Not many people have heard of Associate Degrees although this is gradually changing as more information is getting out there and graduates of Associate degrees spread the word about how great they are.
So let’s get formal. This next paragraph is from a conference paper (the abstract actually) that my colleague, Helen Smith and I wrote for The Learner Conference in 2014.
The Associate Degree in the Australian Qualifications Framework (the AQF) aims to prepare graduates for both paraprofessional work and pathways to further learning. In other words, at the end of this qualification a student should be confident that they could decide to go and get a job in their chosen field, and be successful in that job, or continue on to a Bachelor Degree for which they should have considerable credit.
Helen and I noted that the dual aims of the Australian Associate Degree present a particular challenge for program designers and teachers in higher education: assessing and teaching across traditional academic boundaries.
Educational teams and managers are designing learning and assessment strategies to bridge the vocational/academic divide, and this means a new orientation to the theory/practice relationship and to the way this is realised in assessment and learning practices.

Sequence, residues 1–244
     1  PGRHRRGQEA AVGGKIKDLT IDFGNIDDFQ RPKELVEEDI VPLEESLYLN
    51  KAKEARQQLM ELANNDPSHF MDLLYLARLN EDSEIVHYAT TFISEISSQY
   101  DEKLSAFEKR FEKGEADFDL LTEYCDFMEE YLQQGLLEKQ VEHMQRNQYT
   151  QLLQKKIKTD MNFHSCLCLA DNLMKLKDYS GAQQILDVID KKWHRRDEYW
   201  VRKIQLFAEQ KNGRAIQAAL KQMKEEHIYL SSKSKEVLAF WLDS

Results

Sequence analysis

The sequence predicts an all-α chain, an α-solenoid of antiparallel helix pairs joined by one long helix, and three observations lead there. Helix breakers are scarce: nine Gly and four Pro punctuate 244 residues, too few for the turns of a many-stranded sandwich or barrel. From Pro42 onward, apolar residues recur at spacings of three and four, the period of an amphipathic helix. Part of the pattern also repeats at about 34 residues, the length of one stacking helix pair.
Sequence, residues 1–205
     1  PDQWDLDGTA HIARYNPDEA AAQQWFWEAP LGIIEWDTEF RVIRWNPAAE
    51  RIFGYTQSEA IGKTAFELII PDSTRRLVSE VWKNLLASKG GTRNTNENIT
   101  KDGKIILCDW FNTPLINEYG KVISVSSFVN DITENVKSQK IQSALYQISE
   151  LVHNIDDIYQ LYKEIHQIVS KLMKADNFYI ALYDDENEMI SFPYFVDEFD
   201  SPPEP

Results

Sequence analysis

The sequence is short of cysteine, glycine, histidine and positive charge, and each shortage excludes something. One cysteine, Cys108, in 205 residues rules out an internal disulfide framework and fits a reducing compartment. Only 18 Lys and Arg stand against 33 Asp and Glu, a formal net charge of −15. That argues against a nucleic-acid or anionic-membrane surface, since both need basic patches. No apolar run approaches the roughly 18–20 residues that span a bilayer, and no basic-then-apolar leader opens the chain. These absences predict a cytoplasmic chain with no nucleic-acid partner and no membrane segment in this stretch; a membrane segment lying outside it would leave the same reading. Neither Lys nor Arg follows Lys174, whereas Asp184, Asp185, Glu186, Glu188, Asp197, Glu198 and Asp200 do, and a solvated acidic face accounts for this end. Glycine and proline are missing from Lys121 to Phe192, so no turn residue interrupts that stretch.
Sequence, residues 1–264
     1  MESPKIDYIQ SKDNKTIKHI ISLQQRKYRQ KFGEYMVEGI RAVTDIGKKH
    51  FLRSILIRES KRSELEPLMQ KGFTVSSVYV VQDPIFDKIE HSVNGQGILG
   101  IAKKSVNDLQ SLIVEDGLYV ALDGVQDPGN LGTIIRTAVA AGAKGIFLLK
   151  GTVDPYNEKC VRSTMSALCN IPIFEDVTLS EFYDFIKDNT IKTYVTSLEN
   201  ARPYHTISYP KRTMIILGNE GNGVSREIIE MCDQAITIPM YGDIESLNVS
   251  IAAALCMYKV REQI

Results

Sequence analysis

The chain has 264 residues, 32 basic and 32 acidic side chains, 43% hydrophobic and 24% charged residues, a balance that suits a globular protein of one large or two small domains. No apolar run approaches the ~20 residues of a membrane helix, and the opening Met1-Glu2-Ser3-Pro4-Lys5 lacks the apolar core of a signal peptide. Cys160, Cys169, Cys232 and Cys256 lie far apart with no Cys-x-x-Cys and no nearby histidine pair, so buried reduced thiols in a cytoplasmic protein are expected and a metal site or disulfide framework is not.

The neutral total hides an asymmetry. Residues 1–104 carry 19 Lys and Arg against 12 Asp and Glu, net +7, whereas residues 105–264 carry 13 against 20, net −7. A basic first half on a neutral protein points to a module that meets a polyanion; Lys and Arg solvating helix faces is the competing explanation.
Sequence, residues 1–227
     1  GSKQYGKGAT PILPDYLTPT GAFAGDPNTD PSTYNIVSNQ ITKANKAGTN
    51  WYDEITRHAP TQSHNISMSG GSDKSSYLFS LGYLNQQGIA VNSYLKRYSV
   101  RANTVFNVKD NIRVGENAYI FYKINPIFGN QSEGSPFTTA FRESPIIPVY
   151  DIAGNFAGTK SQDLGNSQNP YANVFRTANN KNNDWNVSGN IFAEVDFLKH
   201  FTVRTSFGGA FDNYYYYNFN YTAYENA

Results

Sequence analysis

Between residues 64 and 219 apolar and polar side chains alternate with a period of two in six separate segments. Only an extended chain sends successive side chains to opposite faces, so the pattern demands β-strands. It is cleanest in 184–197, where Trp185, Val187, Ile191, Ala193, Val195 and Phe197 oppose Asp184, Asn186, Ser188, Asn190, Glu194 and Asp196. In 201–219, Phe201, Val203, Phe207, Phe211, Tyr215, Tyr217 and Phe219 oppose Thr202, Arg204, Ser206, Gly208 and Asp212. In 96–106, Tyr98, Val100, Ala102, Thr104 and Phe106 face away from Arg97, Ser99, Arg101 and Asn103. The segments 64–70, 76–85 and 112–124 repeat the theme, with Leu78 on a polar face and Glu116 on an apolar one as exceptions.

It is a very exciting space to work in.
I have outlined in a previous blog how work-based projects can be framed by scholarly practice.
Here is piece I wrote about observing Associate Degree student presentations. They had completed their design projects and were then talking about their experiences and their learning.
The very best presentations addressed the assessment criteria and presented garments not as simply “show and tell” (“I quite like this”), but with an analysis of the design and why it works as design. Such students brought a conceptual understanding to the process, and may have discussed historical derivations or political and social values that influenced them. They described how the design changed over time and why. They could articulate the links between mood boards, aesthetics and how the design worked.
They referenced design in other disciplines such as visual arts, architecture, film, photography etc. They could talk about the essence of the piece, especially the signature piece, and its technical and design challenges. The signature piece was an expression of their personal values, aesthetics and philosophy. They were not afraid to take risks with experimentation. And they could explain all this and were comfortable with the language of design.
It was such a pleasure to listen to such presentations and witness such holistic learning!